Once the copula-based joint distribution is estimated—that is, *F _{X}*(

*x*),

*F*(

_{Y}*y*), and

*C*(

*u*,

*υ*) are obtained—both unconditional and conditional random samples from this distribution can be generated through Monte Carlo simulations. The unconditional simulation of (

*x*,

*y*) is divided into three steps: (i) generate random samples of

*u*uniformly from [0, 1], remembering that

*u*=

*F*(

_{X}*x*); (ii) given a sample value of

*u*, generate a random sample of

*υ*|

*u*using the inverse conditional CDF

*C*

_{V}_{|}

_{U}^{−1}(

*υ*|

*u*), where the conditional CDF is simply

*C*

_{V|U}(

*υ*|

*u*) = (∂/∂

*u*)

*C*(

*u*,

*υ*); and (iii) generate the corresponding

*x*and

*y*variates by inverting their marginal CDFs from

*u*and

*υ*:

*x*=

*F*

_{X}^{−1}(

*u*) and

*y*=

*F*

_{Y}^{−1}(

*υ*). The conditional simulation of

*y*|

*x*is even simpler: (i) compute

*u*=

*F*(

_{X}*x*); (ii) draw random samples of

*υ*|

*u*as described above; and (iii) invert from

*υ*to obtain

*y*:

*y*=

*F*

_{Y}^{–1}(

*υ*).

The conditional simulation is especially important for this investigation, because of the need for conditional probability distribution of the modeled soil moisture given a satellite-retrieved value. Also, such conditional random samples and their statistics are useful in a Bayesian estimation system, where this conditional would be the posterior distribution of modeled soil moisture given a satellite retrieval.

## 3. Data sources for the analysis

This section briefly describes the data sources used in estimating the copula joint distributions and the resulting statistical soil moisture observation operators. The satellite data are the retrievals from the TMI (Gao et al. 2006) and AMSR-E (Njoku et al. 2003), and the LSM data are from simulations of the Variable Infiltration Capacity (VIC) model (Liang et al. 1994) within the North American Land Data Assimilation System (NLDAS) project (Mitchell et al. 2004), the 40-yr European Centre for Medium-Range Weather Forecasts (ECMWF) Re-Analysis (ERA-40), and the National Centers for Environmental Prediction (NCEP) North American Regional Reanalysis (NARR). More information on these data and modeling sources is provided in the following sections.

### a. Satellite measurements and retrieved soil moisture

TRMM/TMI measures microwave emissions from the earth between 38°S and 38°N. It runs a sun-asynchronous orbit with 16 orbits per day (more at http://trmm.gsfc.nasa.gov/). The brightness temperatures from November 1997 to the present are available through the NASA Goddard Space Flight Center (GSFC) Distributed Active Archive Center (DAAC), with the period January 1998 to the end of December 2003 used in this study. The TMI soil moisture is retrieved using the Land Surface Microwave Emission Model (LSMEM) (Drusch et al. 2001; Gao et al. 2004) from horizontally polarized 10.65 GHz (X band) brightness temperatures, and the LSMEM provides the retrieved product at a ⅛° spatial resolution. The retrieval approach is described in Gao et al. (2006), where the reader is directed for more detailed information. TMI-based soil moisture was also retrieved using an alternative retrieval algorithm based on the NASA AMSR-E algorithm described by Njoku et al. (2003), which was modified for use with the TMI measurements.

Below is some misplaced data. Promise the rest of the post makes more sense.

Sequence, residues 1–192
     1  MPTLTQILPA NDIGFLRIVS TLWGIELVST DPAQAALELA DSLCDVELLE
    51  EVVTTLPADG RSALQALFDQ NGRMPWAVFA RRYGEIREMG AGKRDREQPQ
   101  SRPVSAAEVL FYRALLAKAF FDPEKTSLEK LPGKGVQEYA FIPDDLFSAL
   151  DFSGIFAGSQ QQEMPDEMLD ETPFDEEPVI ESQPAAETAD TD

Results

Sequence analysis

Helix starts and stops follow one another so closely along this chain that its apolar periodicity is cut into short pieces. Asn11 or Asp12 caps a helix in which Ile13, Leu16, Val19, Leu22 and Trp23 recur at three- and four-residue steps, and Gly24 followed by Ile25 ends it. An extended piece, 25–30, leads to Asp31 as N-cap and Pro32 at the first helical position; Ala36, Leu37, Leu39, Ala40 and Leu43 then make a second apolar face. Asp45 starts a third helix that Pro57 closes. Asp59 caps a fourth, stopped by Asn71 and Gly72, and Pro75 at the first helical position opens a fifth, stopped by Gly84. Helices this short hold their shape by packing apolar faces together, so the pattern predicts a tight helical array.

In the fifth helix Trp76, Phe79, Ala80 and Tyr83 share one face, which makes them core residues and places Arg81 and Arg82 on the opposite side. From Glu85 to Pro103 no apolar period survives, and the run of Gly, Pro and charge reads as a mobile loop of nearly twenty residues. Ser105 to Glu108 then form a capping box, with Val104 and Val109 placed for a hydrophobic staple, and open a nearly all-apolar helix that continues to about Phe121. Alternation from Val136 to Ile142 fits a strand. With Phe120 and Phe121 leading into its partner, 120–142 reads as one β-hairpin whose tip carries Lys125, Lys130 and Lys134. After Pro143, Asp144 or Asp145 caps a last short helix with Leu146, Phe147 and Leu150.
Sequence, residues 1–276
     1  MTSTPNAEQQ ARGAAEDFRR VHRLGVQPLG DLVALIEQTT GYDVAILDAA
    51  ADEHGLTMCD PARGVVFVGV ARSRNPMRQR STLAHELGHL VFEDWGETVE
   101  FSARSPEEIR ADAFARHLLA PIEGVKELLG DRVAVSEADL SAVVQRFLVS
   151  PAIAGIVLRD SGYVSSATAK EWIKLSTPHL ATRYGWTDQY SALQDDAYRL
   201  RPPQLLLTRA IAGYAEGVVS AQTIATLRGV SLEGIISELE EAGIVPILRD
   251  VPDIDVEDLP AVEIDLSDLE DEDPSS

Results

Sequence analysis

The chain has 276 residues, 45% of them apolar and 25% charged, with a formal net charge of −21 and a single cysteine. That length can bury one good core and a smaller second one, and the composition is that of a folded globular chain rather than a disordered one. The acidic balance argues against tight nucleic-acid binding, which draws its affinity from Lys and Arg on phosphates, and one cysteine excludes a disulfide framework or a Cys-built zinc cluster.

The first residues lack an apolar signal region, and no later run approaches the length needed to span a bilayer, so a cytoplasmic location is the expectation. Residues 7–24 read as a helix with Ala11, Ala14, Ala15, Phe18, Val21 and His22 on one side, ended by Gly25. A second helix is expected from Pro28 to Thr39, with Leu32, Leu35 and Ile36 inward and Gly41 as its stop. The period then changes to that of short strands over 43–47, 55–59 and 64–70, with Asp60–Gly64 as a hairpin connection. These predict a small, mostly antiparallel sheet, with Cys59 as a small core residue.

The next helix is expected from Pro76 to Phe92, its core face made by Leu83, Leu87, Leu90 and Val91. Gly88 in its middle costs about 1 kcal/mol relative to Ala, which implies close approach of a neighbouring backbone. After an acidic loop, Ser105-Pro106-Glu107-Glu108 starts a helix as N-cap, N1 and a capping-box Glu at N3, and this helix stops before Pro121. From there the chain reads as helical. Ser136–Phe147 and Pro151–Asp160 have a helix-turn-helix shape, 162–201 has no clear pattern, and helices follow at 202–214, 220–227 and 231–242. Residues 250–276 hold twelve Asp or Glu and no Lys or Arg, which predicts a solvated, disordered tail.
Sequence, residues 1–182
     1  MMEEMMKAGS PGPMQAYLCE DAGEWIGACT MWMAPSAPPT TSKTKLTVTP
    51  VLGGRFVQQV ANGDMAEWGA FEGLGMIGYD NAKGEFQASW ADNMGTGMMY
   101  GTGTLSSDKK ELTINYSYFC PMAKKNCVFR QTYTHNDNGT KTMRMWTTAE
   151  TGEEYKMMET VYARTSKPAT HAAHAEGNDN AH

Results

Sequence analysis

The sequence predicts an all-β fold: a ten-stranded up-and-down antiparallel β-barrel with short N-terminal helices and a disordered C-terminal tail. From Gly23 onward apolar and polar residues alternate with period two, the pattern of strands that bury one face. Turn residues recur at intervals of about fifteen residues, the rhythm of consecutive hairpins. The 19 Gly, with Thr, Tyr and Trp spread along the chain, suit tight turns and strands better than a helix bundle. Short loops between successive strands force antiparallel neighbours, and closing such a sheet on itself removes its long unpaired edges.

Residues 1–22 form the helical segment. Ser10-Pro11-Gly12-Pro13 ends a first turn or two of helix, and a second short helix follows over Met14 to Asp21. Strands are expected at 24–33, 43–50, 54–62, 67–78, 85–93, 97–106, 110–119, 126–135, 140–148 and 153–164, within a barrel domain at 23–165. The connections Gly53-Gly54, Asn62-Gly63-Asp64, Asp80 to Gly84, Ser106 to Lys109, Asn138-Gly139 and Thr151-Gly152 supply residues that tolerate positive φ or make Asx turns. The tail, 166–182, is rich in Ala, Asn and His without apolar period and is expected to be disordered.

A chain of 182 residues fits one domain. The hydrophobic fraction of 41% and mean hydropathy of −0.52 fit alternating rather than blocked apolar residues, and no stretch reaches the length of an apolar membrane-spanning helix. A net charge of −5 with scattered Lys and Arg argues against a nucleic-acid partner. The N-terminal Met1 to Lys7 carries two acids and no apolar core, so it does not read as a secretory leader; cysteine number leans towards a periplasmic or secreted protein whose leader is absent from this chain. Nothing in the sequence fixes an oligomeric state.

The second satellite sensor is AMSR-E. AMSR-E shares the same frequencies as TMI with an additional C-band radiometer, which was not used in this study due to radio frequency interference (RFI). AMSR-E operates in a polar, sun-synchronous orbit with equator crossings at 1:30 a.m./p.m. (Njoku et al. 2003). Level 2B AMSR-E-retrieved soil moisture was obtained through the NASA U.S. Geological Survey (USGS) Land Process Distributed Active Archive Center (LP DAAC) (http://edcimswww.cr.usgs.gov/pub/imswelcome/) at a spatial resolution of ¼° since May 2002. The retrieved AMSR-E soil moisture is based on the retrieval algorithm version B02 originally developed at the NASA Jet Propulsion Laboratory (JPL) (Njoku 2004) that uses multifrequency, multipolarization measurements within a statistical framework and whose coefficients come from regression analysis against simulations. The retrieved values are still considered preliminary and unvalidated.

Table 1 lists the major instrument characteristics of the two sensors. Results presented in section 4 for the two satellite soil moisture products reveal that the standard NASA retrievals have a significantly suppressed dynamic range in comparison to the LSMEM retrievals. The LSMEM retrieval algorithm was also applied to the AMSR-E 10.65-GHz brightness temperature, resulting in both retrieval algorithms being used on both TMI and AMSR-E data. A comparison of the retrieved soil moisture from the two algorithms for the two radiometers is presented in Fig. 1, where the reader can note the different dynamic ranges from the algorithms. The comparisons are based on daily averaged soil moisture values averaged over 30 Oklahoma Mesonet sites. The sites were chosen by Gao et al. (2006) to be ones that appear to have little or no instrumental errors when checked for data quality. Besides this concern for obvious instrumental errors, no other criterion was used for screening out mesonet sites. Gao et al. (2006) computes the correlation between the LSMEM retrievals from TMI and Oklahoma Mesonet measured soil moisture, by season, and the reader is referred here for more information on the assessment of the LSMEM retrievals.